As many IT pros know, the stability and long life of any platform is desired. The main reason for this is stability. Over time however, it becomes necessary to upgrade the platform, whether it be the hardware, operating system, application or other bits of glue that make your services work. I work with customers helping to determine migration strategies for services, applications and servers. Many times, the application is available on the new platform, so it is just a matter of testing, and off you go. However, what happens when the application is still in use but the platform is just too old to maintain?
Enter my latest “real-life” migration. I run SmoothWall as my main firewall product. I have used a variety of others, including pfsense and some other commercial products. None however, has been as simple and as easy to use as my SmoothWall system. I have been hacking over many years VMware support into the platform. It is based on its own “customized” Linux kernel and libraries, which makes it very hard maintain. Well, vSphere 4.1 finally broke the old system, and I was not able to use any drivers or kernel optimizations anymore.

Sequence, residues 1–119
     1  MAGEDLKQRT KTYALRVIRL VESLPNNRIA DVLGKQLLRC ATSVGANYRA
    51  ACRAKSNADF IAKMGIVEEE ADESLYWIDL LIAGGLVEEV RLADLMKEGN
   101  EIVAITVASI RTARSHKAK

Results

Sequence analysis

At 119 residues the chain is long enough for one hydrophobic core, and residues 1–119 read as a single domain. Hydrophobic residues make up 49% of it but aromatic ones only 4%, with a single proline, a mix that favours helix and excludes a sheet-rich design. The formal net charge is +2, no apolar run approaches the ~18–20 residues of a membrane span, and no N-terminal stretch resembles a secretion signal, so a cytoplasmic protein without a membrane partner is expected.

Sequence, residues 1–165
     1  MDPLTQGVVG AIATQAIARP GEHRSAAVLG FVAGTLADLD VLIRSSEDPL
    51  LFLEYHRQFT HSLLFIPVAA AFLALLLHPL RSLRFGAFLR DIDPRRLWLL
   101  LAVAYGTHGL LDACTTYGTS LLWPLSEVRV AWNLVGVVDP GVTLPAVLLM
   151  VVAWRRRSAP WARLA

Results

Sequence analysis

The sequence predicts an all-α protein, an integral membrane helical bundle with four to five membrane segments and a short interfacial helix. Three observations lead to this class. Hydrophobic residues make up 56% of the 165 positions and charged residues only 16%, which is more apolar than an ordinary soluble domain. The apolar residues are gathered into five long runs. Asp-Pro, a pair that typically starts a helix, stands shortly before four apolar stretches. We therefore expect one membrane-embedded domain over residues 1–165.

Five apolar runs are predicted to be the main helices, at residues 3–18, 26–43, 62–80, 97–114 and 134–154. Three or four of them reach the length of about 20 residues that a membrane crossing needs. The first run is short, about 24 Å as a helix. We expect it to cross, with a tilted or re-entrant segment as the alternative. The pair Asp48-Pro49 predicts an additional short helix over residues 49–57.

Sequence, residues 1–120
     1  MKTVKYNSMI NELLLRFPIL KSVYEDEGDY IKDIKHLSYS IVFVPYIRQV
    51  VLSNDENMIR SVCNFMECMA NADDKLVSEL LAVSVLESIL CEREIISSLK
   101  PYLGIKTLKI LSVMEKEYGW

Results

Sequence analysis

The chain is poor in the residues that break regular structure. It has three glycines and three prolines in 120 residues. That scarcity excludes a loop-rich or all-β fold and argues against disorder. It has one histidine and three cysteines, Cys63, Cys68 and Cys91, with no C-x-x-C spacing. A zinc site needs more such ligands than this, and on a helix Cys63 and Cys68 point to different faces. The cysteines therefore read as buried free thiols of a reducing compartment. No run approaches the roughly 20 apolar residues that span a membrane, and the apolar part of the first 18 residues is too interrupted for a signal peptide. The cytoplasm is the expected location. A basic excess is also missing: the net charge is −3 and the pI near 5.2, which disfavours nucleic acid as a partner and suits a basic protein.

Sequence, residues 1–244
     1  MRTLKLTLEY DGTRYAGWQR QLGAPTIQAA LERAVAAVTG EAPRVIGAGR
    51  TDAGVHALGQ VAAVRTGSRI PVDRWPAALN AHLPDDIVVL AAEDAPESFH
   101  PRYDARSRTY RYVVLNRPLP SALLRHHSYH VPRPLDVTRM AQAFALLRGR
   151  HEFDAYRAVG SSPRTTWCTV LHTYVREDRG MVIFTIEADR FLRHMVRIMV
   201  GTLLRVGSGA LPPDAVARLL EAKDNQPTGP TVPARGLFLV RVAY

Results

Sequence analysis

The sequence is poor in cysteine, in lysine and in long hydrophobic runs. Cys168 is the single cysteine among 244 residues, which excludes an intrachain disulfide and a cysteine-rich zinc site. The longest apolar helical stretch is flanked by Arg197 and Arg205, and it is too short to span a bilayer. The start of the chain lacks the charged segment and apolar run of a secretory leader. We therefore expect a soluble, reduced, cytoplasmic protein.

Enter in my solution, SmoothWall on CentOS! Using some old UNIX tricks, I managed to fool SmoothWall into thinking it is running on its own Linux system. The base is CentOS 5.5. No recompiles or big changes needed. Many of us old UNIX hands know that you can make older UNIX binaries work in a chroot environment. This is wayyy before virtualization as we know it today. Fortunately, the Linux kernel ABI is very consistent, so, this trick works great! At my old employer I used to use this trick all the time to migrate old broken build platforms onto modern, supported operating systems.
So, what is old is new again! I even gain SMP, and the ability to use more memory! Welcome additions to my firewall!